MM: I go into schools and teach them how to stay safe against abusers over three days, with a high emphasis on sexual abuse prevention. I teach them the five body safety rules (to the right). It’s in a good way, though; it’s fun. We use an evidence-based curriculum that has been studied many times, revamped 11 times and been used for several years. But the kids really enjoy it.

I do preschool through 6th grade. I also teach the teachers how to detect and report child abuse, and I teach parents how to keep their kids safe against it. We also do anti-bullying classes. Last year I did a 10-week anti-bullying course in a middle school, which was a lot of fun. I also go into colleges and teach future teachers or social workers about mandated reporting, reporting child abuse, that type of thing. It’s a lot of education and knowledge.

PWP: That’s smart. It makes me realize how important it is to not only teach the kids, but make sure the adults know how to talk about it with them as well.

MM: I find that parents and even teachers have a hard time knowing the language, and it’s a good way to open it up and get the conversation started. Hopefully they continue it with the children and it’s not such a taboo subject, so if they do ever have that problem they can talk to them and open up.

Melissa Moss, Kids Have Hope, PWP

Melissa hard at work. I asked, “Is child abuse more common than people think?” Melissa replied, “The statistics are approximately 1 in 4 girls and 1 in 6 boys are sexually abused before age 18 and 90% of the time the child knows their sexual abuser. The good news is that there has been more and more awareness but we definitely need to get our hands around it more. I think the prevention side of it is going to help tremendously.”

PWP: How many people do you work with?

MM: It’s just me. I do it by myself. I have board of eight people, and volunteers when I need them.

PWP: Wow, you do the whole thing by yourself? What is that like?

MM: It’s good! It’s a lot of work. I do a lot of different things. I do everything. It’s not just going to the schools. We have to do fundraising and events, which are really fun but involve a whole different side of it and completely changing gears. I do all of the awareness side, all the speaking, all the presenting, all the teaching, and it’s a lot of different things but it’s cool because it keeps you on your toes, and it’s not boring.

PWP: Definitely not. When you’re running the show on your own, what gives you the motivation to get up and make it happen for these kids?

MM: I’ve always wanted to help people, and I’ve always had this urge to help kids, to do something for other people, not just for myself. I think that’s what drives me and what gets me going. And when I’m actually in the school with the kids, it’s amazing to be around their energy and their innocence and liveliness.

“And shedding the light on something that is dark. Not everybody wants to hear about it but it’s not going to go away otherwise.”

PWP: What kind of plans do you have for the future of Kids Have Hope?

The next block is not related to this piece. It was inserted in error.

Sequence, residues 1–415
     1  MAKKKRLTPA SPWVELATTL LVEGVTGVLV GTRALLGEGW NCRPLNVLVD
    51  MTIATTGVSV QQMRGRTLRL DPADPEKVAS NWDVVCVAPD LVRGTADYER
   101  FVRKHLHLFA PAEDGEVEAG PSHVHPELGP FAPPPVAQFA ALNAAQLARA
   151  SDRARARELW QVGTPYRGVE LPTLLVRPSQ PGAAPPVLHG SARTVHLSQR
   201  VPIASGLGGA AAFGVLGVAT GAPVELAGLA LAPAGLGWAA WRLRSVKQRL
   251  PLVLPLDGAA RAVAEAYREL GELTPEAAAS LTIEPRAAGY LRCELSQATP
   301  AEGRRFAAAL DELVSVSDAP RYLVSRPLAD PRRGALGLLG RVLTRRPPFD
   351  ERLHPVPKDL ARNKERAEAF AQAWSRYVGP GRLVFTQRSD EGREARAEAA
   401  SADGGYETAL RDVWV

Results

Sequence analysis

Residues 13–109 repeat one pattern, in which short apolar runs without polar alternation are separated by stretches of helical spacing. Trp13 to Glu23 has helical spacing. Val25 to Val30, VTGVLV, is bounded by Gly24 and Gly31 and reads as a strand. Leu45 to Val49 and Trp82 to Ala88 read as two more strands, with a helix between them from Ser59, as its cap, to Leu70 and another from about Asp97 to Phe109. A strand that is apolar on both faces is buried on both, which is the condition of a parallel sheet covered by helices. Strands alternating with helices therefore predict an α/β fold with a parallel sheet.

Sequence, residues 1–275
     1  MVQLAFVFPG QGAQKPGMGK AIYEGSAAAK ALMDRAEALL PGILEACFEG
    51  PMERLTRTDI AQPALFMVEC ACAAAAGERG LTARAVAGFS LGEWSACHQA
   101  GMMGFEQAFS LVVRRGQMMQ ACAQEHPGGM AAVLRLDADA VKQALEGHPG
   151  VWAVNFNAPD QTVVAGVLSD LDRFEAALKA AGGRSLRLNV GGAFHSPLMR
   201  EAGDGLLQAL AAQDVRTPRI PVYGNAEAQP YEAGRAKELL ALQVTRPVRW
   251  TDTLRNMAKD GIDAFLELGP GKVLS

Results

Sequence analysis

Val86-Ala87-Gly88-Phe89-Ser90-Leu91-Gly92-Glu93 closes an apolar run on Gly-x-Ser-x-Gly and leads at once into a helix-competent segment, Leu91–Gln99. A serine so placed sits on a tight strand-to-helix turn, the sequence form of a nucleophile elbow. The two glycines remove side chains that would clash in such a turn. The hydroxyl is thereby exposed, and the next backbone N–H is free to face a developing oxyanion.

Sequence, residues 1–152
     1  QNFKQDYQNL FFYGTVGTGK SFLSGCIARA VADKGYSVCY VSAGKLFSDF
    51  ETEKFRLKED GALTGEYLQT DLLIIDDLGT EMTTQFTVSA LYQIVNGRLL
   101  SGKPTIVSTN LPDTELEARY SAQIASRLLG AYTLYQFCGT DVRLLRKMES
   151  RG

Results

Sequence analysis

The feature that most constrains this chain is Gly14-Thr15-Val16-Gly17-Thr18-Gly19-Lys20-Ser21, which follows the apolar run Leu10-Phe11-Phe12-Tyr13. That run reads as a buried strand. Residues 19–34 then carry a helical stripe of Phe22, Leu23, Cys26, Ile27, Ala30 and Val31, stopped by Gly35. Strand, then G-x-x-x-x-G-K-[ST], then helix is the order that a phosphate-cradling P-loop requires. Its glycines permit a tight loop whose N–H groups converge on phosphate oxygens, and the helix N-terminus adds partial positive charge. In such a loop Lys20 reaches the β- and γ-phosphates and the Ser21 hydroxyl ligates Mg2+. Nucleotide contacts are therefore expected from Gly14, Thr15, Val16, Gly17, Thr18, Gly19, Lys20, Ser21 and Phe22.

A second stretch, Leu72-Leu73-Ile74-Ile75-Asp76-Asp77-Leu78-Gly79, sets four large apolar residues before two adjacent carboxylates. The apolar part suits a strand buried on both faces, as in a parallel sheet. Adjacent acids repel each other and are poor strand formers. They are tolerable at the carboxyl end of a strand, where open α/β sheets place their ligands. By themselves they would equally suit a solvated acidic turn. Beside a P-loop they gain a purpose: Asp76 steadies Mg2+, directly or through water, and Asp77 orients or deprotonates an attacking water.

MM: I want to grow. I want more programs. I’d like to even at some point have counseling services. I definitely have things in mind right now that I can do with what I have. It’s been great so far. I’ve taught thousands of kids, hundreds of teachers and hundreds of parents. It’s been great being able to get the word out and feel like at least some awareness and some education is out there. And shedding the light on something that is dark. Not everybody wants to hear about it but it’s not going to go away otherwise.

PWP: Knowledge is power. I believe that. What types of events do you put on?

Melissa and Bear on

Melissa is so grateful to Mike Ditka for supporting her organization. He even signed her Bears teddy bear.

MM: We do a big event every year with Mike Ditka at his restaurant. He’s so good to us—gracious enough to show up, sign autographs and take pictures with everybody. It’s really fun. We have a dinner there, a silent auction and a Sinatra singer. We’ve done it three years now. We’re so fortunate to have that because we are such a little organization that to have a celebrity behind us is really something. We also usually do a small event in the winter, such as guest bartending. And my sister does a golf event in Florida for us. We make enough money to sustain Kids Have Hope. That’s how we keep it going.

PWP: I noticed on your website you use the word empowerment a lot. We use that word a lot too when we talk about how we want to empower women to take control of their lives and do what makes them happy to live the life they want. Is it a similar kind of empowerment for the kids? I love how the word can be used in so many different contexts.

MM: We like to use that word to empower the kids by giving them the knowledge and the armor to be able to know what to do in situations and to feel good about themselves and to trust themselves. They have all the knowledge and all of the things they need inside of them.

PWP: What makes you happiest?

MM: That’s a hard question for me right now because I’m going through a divorce. One of the things that comes to mind is being around the little kids. Working with small children and being around that energy, that funness, that lightness and goofiness, and being able to be silly and goofy even when you’re coming into a classroom with a subject that may not be the lightest of subjects. You’re still around this group of kids that are so full of joy and you can be part of it. At a time like this it really has been helpful. That makes me happy. That really makes me happy.

[Photos by Kate.]